A few coaches started in the high school game before joining the junior ranks, including Garrett Strot, who is head coach of both the Premier and Elite teams for the Tampa Bay Juniors.

“I’ve always played hockey and started skating at age 4. When I was done playing college hockey, I just got right into coaching at my alma mater Osseo High School in Minnesota,” said Strot. “I started helping the JV team and remembered how much I enjoyed working with the players. I was then JV head coach for three years and then varsity head coach for 14 years.”

Rich Alger is a first-year head coach in the NCDC, running the bench for the Boston Bandits. He also got into coaching through the high school route, and it’s an experience he still draws on today.

“When I was done playing in college [at Boston University], a local high school coach asked me to help him on a volunteer basis,” said Alger. “I told him I’d come once a week to help out and I ended up coming that first day and stayed with him every day for six or seven years.

“Coaching with the Cape Cod Tech/Chatham High co-op team, we had a lot of different types of kids from different social backgrounds, a lot of hard-luck kids. That was a crash course in how to manage personalities. So much of what coaches do on a daily basis is finding what buttons to push with players, what motivates them, what shuts them off, and how to get the most of your guys. Those first coaching years with [head coach] Bill Jacques were hugely formative.”

It also taught him that a coach always need to be the best prepared person on the ice.

“I remember the first practice I ever ran for [Cape Cod Tech], because I ran out of drills inside of 20 minutes,” said Alger. “It was that first humbling moment of knowing that playing and coaching are totally different.”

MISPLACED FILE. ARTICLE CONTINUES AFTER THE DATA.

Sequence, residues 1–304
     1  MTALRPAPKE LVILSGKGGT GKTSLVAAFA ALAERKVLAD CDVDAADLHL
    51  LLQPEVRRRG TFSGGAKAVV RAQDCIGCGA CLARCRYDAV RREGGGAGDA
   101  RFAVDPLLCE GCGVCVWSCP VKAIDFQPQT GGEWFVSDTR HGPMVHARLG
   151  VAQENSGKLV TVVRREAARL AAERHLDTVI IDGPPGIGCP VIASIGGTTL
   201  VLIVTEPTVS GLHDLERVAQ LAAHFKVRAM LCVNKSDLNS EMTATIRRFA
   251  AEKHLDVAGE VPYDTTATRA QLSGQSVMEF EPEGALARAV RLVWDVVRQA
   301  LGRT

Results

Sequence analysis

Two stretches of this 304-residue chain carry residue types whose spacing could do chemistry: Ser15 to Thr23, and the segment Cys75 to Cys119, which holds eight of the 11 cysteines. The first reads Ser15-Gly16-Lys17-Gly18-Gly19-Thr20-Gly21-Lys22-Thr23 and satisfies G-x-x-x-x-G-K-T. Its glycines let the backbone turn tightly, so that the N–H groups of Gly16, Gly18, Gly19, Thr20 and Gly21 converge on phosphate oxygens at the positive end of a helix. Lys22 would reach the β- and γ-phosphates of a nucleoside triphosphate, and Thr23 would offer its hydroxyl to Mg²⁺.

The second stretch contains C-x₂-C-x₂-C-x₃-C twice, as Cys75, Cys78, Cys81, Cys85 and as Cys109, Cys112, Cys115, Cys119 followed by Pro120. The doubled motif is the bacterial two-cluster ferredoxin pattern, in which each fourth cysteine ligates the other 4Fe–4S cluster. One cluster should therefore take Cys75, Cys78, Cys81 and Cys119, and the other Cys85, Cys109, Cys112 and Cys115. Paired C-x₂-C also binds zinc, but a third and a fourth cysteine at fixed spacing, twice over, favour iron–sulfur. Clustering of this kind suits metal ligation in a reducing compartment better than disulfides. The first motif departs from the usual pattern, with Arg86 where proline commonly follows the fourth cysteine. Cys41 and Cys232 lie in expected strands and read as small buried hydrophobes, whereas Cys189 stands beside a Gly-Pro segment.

The Jersey Shore Whalers have had a great start to the USPHL 18U season, going 11-2 in league play and being ranked among the top half of 18U AAA programs nationwide. Whalers head coach Stan Gutt has been a Midget or high school coach since 2000, and said that he believes the most important aspect of coaching is to continue learning the game.

“My view of the game has not changed much, but my knowledge of the game grows daily. I feel the main change from being a player to a coach is preparation. Coaches need to be prepared for every situation, either on or off the ice,” said Gutt. “As a coach you try and prepare your team as best you can, but you yourself cannot execute what you are teaching. That is what drives us coaches to coach.”

Nic Cota is one of the younger coaches in the USPHL, running the New Hampshire Jr. Monarchs’ USPHL Elite team. Born in 1993, he played three years of junior hockey and then at the University of Southern Maine. He coached at Portland High School in Maine before joining the Florida Panthers as a member of their Junior Panthers program. 

In Florida, he held the title of “Hockey Coach/Mentor.” He himself had a mentor in Florida in Jack Capuano, current assistant coach for the NHL’s Panthers. This season, Cota has coached the Monarchs’ Elite team to a 20-3 record through the end of 2018.

“My coaching philosophy is a combination of everything I have learned from my past experiences, and the coaches I’ve played for. I coach a fast style of play – moving the puck North,” said Cota. “Work ethic, commitment, and leadership are an important part of my coaching style. I want my players to be great young men on and off the ice. I want them to represent themselves, their families, and the Monarchs to the best of their ability.”

Finding the players who can fulfill a team’s mission statement like the one above is a full-time job in itself. This is especially true for a program that has the stature of the New Jersey Hitmen’s NCDC team.